Reproductive-biology and food-habits of the Australian elapid snakes of the genus Cryptophis

Richard Shine*

*Corresponding author for this work

Research output: Contribution to journalArticlepeer-review

Abstract

The two Cryptophis species are moderate-sized (up to 1 m length) nocturnal venomous snakes of northern and eastern Australia. Examination of 600 museum specimens provided data on body sizes, sexual size dimorphism, reproductive cycles and food habits. Males attain larger body sizes than females in C. nigrescens, but not in C. pallidiceps. Both species are viviparous, with a mean litter size of four. Parturition occurs in late summer (Feb.-Mar.) in southern populations, but may be earlier in snakes from tropical areas. Relative clutch mass averaged 60% in captive C. nigrescens, and offspring averaged 152 mm SVL and 2.3 g mass at birth. Male combat was recorded in C. nigrescens. Both Cryptophis species feed on reptiles, especially scincid lizards (89% of all prey items found). A wide range of skinks is taken, but most are diurnally-active forms. Like many other Australian elapids, Cryptophis forage nocturnally for sleeping skinks. The absence of frogs from the diets of such elapids is a consistent but puzzling phemonenon. Relative eye size in Cryptophis is similar to that in other nocturnal elapids.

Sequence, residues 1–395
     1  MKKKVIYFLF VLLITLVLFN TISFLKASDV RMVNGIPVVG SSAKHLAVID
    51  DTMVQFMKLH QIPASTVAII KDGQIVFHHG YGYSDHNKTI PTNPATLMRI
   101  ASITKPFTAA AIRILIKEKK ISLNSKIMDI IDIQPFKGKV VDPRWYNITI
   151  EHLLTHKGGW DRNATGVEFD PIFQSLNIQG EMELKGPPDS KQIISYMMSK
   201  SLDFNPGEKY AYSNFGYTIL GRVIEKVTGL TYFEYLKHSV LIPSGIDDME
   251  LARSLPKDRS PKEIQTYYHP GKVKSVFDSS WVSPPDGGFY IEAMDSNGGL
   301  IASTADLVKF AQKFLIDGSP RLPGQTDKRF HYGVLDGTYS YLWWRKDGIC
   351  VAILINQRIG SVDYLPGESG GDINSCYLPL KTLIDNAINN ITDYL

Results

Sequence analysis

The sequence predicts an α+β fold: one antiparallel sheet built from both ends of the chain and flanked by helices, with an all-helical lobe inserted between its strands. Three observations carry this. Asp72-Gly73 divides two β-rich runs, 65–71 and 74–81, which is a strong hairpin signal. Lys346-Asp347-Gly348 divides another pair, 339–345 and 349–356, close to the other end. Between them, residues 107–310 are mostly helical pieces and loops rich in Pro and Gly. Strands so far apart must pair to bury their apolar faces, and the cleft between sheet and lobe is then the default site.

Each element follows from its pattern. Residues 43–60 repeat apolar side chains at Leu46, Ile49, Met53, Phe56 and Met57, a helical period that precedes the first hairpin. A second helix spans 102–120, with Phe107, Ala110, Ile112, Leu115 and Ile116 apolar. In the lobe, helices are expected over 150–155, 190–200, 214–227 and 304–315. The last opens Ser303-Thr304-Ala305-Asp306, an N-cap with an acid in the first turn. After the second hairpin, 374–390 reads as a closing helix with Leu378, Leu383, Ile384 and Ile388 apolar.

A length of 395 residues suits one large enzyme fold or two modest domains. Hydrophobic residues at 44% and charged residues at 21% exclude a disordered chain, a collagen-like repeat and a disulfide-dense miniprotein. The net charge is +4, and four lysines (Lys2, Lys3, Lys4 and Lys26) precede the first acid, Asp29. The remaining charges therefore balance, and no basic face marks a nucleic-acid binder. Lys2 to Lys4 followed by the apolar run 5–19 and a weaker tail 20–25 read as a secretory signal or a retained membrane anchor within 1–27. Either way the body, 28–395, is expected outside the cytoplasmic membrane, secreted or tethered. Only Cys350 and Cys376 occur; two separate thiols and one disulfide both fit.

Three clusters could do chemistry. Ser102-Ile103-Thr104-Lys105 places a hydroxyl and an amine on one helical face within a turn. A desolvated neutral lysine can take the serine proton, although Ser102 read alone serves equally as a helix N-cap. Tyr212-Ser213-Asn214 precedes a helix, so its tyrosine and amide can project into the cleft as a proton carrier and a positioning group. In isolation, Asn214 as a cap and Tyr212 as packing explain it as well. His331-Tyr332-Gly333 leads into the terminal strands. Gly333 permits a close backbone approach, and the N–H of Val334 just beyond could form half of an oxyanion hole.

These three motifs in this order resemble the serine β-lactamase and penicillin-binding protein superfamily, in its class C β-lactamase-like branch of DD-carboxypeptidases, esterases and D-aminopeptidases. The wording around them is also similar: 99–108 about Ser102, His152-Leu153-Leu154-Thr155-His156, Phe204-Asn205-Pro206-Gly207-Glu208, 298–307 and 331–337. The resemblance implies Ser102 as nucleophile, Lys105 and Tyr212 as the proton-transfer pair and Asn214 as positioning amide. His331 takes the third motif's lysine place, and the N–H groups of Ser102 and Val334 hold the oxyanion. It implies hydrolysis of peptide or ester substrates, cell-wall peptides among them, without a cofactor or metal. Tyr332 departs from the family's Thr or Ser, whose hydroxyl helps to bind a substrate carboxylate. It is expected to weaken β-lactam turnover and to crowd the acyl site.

Original languageEnglish
Pages (from-to)33-39
Number of pages7
JournalJournal of Herpetology
Volume18
Issue number1
DOIs
Publication statusPublished - Mar 1984
Externally publishedYes

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